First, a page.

To date, more than 692 million individuals have been infected with the severe acute respiratory syndrome coronavirus 2 (SARS-CoV-2), the causal agent of the ongoing coronavirus disease 2019 (COVID-19) pandemic.
Most individuals infected with SARS-CoV-2 experience mild to moderate symptoms that do not require hospitalization. In some cases, COVID-19 symptoms persist for a prolonged period after initial recovery from the infection. This condition has been termed as post-COVID-19 syndrome or long COVID.
A recent study determined HRQoL in a Swiss cohort comprised of patients with long COVID after experiencing mild to moderate SARS-CoV-2 symptoms. The University Hospital of Zurich formed an interdisciplinary outpatient clinic for patients with long COVID symptoms. Each patient completed questionnaires regarding HRQoL after consultation.
Patients who suffered from long COVID or were at risk of developing long COVID after mild or moderate infection were selected for this study. These patients suffered either systemic symptoms, such as recurrent fever and fatigue, or organ-specific symptoms like palpitations and cough. Patients who required prolonged hospitalization, admission to the intensive care unit (ICU), or supplemental oxygen during the acute phase of COVID-19 were excluded from the cohort.
A total of 112 long COVID patients identified between February 2021 and August 2021 completed the HRQoL questionnaires. Most of the participants were women whose median age was 43 years and body mass index (BMI) value was 24.4 kg/m2.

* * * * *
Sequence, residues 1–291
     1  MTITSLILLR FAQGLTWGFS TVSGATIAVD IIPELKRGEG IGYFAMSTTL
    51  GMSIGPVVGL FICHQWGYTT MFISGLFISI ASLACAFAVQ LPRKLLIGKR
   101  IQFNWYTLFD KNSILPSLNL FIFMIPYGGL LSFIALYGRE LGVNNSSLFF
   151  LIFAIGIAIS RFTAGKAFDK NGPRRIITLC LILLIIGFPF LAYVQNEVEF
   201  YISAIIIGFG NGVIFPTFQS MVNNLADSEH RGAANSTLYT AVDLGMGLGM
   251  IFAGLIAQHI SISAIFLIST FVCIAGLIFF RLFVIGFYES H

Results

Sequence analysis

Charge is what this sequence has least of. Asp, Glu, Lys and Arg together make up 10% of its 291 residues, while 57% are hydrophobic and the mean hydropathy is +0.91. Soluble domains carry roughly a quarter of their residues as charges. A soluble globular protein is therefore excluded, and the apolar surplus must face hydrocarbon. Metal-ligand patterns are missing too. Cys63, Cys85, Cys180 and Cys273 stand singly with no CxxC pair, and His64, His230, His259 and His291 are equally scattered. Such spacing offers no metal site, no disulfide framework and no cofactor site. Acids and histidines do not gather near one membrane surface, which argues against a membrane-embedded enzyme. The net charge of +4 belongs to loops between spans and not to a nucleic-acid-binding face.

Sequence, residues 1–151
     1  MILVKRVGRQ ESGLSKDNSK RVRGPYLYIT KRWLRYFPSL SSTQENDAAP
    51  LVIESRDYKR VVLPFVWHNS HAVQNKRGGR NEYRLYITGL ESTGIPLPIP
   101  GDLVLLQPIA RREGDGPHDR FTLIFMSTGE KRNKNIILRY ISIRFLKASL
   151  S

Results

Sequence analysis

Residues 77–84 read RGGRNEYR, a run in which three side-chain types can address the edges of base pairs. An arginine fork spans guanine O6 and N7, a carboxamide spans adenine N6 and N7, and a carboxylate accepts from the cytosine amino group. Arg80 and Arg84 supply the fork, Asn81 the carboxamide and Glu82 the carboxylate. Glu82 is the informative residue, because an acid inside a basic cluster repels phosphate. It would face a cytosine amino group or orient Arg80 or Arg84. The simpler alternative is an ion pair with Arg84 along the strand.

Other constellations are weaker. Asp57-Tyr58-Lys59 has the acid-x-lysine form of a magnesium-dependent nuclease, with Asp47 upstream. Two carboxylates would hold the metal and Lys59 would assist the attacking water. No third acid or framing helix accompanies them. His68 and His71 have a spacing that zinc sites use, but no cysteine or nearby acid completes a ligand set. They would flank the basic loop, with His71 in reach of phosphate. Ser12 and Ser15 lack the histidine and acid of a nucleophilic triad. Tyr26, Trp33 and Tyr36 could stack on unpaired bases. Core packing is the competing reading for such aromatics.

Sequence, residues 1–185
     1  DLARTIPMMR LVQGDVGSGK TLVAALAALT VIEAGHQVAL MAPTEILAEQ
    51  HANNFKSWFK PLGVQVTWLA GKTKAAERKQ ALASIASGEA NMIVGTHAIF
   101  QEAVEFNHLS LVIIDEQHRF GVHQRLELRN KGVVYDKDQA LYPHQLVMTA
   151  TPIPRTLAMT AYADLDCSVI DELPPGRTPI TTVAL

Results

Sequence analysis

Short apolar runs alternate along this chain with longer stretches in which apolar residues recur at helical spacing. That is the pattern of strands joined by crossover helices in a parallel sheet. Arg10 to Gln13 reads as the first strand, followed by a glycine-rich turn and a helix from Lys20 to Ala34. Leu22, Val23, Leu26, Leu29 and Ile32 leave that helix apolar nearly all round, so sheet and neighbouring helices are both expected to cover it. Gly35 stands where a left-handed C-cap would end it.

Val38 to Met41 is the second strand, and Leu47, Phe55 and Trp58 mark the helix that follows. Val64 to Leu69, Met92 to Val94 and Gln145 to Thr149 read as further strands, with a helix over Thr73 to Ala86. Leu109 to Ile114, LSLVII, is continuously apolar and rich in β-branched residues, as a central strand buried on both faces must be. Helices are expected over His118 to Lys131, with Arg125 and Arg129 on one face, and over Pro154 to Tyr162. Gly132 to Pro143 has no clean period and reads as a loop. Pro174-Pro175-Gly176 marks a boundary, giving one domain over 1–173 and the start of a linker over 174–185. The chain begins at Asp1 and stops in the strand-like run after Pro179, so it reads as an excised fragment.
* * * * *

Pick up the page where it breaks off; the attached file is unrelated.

Some of the patients suffered from asthma, pre-pandemic mental health issues, or had at least one comorbidity. Most patients experienced a mild acute SARS-CoV-2 infection. Long COVID primarily impacted physical health as compared to mental health.
Mechanistically, long-lasting COVID-19 symptoms after severe and mild infection differ significantly. Most patients with long COVID that arises following a mild infection were found to suffer from issues related to pain and anxiety, whereas their mobility was not significantly affected.
The findings of this study were compared with data on physical and mental health retrieved from a Swiss cohort that was developed during the first lockdown in Switzerland (CoWell study). During the second and third COVID-19 waves in Switzerland, similar degrees of physical and mental impairments were observed in patients who had recovered from SARS-CoV-2 infection. Notably, pandemic-related restrictions that aimed to prevent further spread of SARS-CoV-2 may have contributed to some of these symptoms.
Consistent with these observations, one previous study reported a reduction in all health domains after mild, moderate, or severe acute COVID-19. The same degree of mental and physical health-related long COVID symptoms manifested after severe and mild/moderate COVID-19.
Respiratory symptoms like dyspnea had a greater impact on the patient’s physical activity. However, most of the patients in the current study exhibited lower intensity and/or frequency of breathing symptoms. Notably, as compared to men, females were at a higher risk of developing long COVID after mild/moderate SARS-CoV-2 infection.
The current study is the first to compare HRQoL in patients suffering from long COVID after mild to moderate SARS-CoV-2 infection between pre-pandemic and pandemic cohorts.
Long COVID symptoms after mild/moderate SARS-CoV-2 infection affected the quality of life in this group of patients. Thus, long COVID increased the overall disease burden.
Future studies are needed to determine how long COVID affects social and economic conditions.